Text Adventure Time! Building a Game With Java: The Knights of Something Notable

Text Adventure Time! Building a Game With Java: The Knights of Something Notable

Some time ago, when I was brushing off my Java, I wanted to get my hands dirty while making something fun. I LOVE text adventure RPGs, so that’s what I attempted to build.

This is the first post documenting my single user dungeon development adventure.

Here is the list of published posts in this series so far!

A few notes on code quality

I didn’t really give a hoot, because I was mostly trying things until they worked and reflecting on what went well and what didn’t. I do love that git captures this process for me. It’s like a time machine. I can go back and look at how awkward it was in the beginning, like those glasses in middle school. Or, well, just middle school in general.

DISCLAIMER: This code is unadulterated, pure middle-school-awkward, slap-it-down-and-ship-it, you-get-what-you-pay-for (hint: I didn’t get paid) fun (or not).

I started with the skeleton code provided by this fellow. The zip can be found here. I know there are probably better ways to implement some of what he’s done here, but that’s not my focus right now.

You can fork my changes to the code here: hello-world-sud.

Or checkout the branch:

You can compile and run the program from the command line with these commands:

If everything worked, you should see this:

WARNING: Proceed with caution: that there creature is a mammal of action.

Initial Changes

First I added the Item class, so I could have an inventory as a list of objects rather than a list of strings. Then I duplicated that to make an Equipment object, so that I could handle equipping those items. THEN I realized I should probably use inheritance, and set up a GameObject class.

Converting from a list of strings to a list of objects was more of a challenge than it should have been, but with enough brandy, anything is challenging!

Program Flow

The basic flow of the program is this:

  1. Build the world (including populating rooms with items and monsters)
  2. In a loop: get and process the player’s command

Building the World

The main method in Main.java sets the world up by calling the World.build method.

Getting the Player’s Input

The program then waits at the Input.getInput method for the player to enter a command, then returns that as a string.

Processing the Player’s Command

This part is a little embarrassing. What a long messy chain of if-else. I promise I found a better solution later on. The substringing to determine the target of commands such as check, attack, equip is also very poorly written. It’s not very clear what the string indexing is doing, and it’s easy to make mistakes when adding new commands.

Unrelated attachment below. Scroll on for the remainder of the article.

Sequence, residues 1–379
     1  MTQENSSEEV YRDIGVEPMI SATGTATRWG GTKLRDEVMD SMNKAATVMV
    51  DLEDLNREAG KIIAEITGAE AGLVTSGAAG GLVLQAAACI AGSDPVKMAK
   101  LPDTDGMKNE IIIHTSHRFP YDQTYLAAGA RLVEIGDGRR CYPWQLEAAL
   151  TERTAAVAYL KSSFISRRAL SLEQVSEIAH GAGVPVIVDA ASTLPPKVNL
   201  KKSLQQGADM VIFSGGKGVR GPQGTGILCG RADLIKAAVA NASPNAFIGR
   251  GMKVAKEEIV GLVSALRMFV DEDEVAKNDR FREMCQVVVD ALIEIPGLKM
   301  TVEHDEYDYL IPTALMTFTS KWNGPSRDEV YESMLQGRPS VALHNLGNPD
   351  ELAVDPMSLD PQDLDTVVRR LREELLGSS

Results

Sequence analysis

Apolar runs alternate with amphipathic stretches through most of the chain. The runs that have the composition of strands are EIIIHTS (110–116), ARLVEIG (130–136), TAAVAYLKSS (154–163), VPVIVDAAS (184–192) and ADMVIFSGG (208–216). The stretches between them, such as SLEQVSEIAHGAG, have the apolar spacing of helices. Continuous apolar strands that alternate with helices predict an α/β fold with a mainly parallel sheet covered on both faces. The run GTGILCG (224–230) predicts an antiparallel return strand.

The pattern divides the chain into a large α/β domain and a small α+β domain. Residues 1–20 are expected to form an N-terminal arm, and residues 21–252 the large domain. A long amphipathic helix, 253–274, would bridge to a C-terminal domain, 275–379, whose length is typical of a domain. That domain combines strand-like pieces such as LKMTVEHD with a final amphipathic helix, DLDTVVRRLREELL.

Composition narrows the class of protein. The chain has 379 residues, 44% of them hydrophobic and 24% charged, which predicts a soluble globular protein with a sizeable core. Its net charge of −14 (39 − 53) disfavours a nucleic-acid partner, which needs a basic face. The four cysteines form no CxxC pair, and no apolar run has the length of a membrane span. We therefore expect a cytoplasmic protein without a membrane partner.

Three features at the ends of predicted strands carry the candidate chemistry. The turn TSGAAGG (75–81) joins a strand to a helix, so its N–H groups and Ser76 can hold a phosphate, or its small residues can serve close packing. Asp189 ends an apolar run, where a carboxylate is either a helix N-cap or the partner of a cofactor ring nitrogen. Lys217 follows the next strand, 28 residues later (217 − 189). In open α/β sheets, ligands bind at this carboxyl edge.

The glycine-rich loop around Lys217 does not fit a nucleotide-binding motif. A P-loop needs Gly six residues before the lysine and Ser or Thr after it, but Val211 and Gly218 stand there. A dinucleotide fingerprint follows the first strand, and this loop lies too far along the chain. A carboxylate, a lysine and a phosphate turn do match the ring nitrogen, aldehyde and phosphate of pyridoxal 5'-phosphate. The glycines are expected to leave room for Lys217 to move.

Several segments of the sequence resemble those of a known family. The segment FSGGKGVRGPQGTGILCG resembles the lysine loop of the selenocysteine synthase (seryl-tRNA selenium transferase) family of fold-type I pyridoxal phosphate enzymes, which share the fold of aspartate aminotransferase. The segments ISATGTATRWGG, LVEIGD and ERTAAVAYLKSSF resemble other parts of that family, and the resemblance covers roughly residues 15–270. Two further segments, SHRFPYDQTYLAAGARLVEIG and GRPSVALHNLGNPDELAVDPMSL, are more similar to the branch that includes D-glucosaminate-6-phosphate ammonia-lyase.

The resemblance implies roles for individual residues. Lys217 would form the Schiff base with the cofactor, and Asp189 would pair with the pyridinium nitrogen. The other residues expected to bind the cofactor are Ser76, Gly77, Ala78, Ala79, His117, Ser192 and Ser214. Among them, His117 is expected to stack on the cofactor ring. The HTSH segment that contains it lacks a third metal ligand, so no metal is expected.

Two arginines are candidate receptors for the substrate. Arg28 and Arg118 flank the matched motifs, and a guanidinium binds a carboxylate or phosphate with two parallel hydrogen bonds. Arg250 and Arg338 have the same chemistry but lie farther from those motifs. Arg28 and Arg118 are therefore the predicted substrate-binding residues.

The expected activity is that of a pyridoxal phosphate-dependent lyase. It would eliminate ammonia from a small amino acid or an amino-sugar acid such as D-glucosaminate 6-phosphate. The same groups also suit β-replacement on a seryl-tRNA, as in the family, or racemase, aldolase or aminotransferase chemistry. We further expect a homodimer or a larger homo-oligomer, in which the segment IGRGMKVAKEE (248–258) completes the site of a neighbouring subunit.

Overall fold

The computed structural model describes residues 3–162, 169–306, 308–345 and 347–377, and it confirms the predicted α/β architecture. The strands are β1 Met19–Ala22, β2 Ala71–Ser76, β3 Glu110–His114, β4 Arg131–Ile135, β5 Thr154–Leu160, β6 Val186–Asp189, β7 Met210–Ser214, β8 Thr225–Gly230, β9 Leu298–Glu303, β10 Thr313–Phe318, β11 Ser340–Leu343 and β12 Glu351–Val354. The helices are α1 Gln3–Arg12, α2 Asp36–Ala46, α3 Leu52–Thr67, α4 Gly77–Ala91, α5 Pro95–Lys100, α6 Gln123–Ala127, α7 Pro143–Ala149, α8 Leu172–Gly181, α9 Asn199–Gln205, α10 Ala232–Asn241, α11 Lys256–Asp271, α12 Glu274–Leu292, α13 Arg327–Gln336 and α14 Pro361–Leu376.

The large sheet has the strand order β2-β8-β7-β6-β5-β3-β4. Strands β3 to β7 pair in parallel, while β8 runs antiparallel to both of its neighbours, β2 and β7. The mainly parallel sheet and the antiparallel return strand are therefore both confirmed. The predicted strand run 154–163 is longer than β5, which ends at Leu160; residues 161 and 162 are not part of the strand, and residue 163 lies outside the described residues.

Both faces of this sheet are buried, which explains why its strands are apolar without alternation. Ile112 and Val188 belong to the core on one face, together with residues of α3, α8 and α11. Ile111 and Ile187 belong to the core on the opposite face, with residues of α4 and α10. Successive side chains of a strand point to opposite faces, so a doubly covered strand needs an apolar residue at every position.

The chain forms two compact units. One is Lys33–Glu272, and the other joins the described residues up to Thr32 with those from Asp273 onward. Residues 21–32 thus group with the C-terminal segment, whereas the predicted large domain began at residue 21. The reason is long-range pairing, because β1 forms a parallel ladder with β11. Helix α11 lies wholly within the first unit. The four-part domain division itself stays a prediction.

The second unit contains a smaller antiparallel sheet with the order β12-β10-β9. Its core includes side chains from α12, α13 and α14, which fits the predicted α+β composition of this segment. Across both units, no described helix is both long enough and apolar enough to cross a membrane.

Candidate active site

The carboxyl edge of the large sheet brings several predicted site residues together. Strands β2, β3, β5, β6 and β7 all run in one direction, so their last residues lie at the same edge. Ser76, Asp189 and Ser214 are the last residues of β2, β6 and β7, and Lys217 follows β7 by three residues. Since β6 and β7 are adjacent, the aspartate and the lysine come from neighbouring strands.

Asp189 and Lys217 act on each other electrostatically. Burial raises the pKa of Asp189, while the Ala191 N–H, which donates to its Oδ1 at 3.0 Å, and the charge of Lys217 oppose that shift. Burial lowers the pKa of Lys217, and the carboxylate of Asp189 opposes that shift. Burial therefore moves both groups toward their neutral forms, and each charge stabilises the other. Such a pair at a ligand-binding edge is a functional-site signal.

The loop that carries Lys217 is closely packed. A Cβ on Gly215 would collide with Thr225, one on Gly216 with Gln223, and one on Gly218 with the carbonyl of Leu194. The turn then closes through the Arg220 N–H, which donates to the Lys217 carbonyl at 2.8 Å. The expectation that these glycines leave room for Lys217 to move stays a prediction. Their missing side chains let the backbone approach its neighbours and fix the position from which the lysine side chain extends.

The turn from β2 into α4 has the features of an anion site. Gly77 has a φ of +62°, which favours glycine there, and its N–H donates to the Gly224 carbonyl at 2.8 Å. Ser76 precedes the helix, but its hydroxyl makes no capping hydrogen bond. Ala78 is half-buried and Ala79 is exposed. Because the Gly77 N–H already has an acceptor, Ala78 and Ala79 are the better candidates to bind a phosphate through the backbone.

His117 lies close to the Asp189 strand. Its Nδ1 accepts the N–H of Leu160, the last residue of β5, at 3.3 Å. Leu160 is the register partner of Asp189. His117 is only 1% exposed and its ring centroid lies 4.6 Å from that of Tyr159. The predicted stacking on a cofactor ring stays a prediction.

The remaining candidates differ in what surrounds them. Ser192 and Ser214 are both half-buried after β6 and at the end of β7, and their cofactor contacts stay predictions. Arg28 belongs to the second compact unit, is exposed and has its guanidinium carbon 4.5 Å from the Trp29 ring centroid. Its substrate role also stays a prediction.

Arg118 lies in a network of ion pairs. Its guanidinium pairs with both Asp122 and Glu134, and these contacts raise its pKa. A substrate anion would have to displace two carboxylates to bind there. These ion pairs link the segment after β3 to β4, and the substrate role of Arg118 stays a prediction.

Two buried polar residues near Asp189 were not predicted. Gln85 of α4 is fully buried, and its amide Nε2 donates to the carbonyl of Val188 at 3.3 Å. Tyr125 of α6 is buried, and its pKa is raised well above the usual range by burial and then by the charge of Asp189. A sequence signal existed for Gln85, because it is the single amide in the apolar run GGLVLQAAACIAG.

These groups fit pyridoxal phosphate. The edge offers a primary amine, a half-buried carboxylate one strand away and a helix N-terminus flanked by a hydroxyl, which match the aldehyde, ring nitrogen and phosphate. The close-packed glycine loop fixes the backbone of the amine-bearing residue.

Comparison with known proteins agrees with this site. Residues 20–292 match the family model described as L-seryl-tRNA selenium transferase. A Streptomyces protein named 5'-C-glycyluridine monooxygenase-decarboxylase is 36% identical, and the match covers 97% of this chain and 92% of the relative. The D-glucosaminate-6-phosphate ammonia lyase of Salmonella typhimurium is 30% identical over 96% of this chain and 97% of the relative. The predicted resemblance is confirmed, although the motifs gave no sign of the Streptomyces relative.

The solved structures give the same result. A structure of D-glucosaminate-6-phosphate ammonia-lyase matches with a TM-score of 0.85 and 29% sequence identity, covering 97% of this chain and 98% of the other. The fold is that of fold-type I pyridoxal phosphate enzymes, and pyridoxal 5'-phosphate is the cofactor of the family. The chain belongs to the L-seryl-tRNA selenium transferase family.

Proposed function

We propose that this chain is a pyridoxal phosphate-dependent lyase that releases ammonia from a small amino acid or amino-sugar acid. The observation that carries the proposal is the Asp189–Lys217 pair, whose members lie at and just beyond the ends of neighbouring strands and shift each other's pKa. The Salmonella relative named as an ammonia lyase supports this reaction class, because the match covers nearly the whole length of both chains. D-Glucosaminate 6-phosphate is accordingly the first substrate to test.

Bonus points if you can find the potty humor (and more bonus points if you are as inspired as I was by this epic gem don’t shit your pants).

Noting a Few Code Bits

I wanted to dig through my git repository and talk about the code compares to demonstrate the bits I added. At first I thought I was going to have to manually dig through the repo to look at the code compares. Then I had a (sudden interruption of the flow of blood to the brain) of genius:

Mmm.

To see the code for a commit, use the checkout command with the first 8-10 characters of the commit SHA:

To see what changed with this commit (this is an awesome command):

Simple status command

commit f8f03f768f

Changing rooms

The code for the directionals is not very DRY, and there are unclear variables of x and y, which basically are coordinates on a grid which identify a room. Choosing south here causes the current location on the grid to increment by 1 in the y direction.

commit f8f03f768f

Setting up the Item and Equipment Objects

There were a few issues.

The primary issue was that anything could be equipped. Like toilet paper. While I found this vastly amusing, it didn’t make much sense from a practical standpoint, so I needed a way to restrict whether an item could be equipped.

The other issue was that my previously attempted equip code was overwriting the item in the target equipment slot when equipping a new item, which doesn’t make sense, and would be pretty annoying to a player. The player should be able to take it off and sell it for hard cashey-money. So I implemented a check for the map. If the slot exists in the map, find the item and remove it. Then equip the next item.

Basically, the Equipment.equipItem method performs a series of checks and acts accordingly. Does the item exist in the inventory? Is it already equipped? Is there already something equipped to that slot?

NOTE: There is far too much going on in the Equipment.equipItem method, and the logic is not as clear as it should be, but I fixed that later on. If this offends you, see DISCLAIMER above šŸ˜‰

Defining the Character Object

I was considering how to add loot to monsters, and how to separate monsters from NPCs, so I added a base class with properties for inventory, equipment, etc., then inherited the class with the Player and NonPlayer classes.

Combat! (Sort of)

Here we have rudimentary combat with half-baked math (monsterHealth = monsterHealth – playerAttack). Still very clunky. The command is basically just ‘attack thing’. The thing hits the player first, the player hits the thing, unconsciousness checks are performed, experience is rewarded where due. Very repetitive, no shortcuts, no loot drops, no forced combat (creature would ignore you if you don’t attack again). Patience, these will happen with time.

Player Unconsciousness Check

That’s Probably Enough

There you have it. A really basic, needs-work implementation of a single user dungeon (SUD) game (I’m not sure people call them that, but I like the way it sounds, and this is more MUD-like than text adventure, but without the ‘Multi’).

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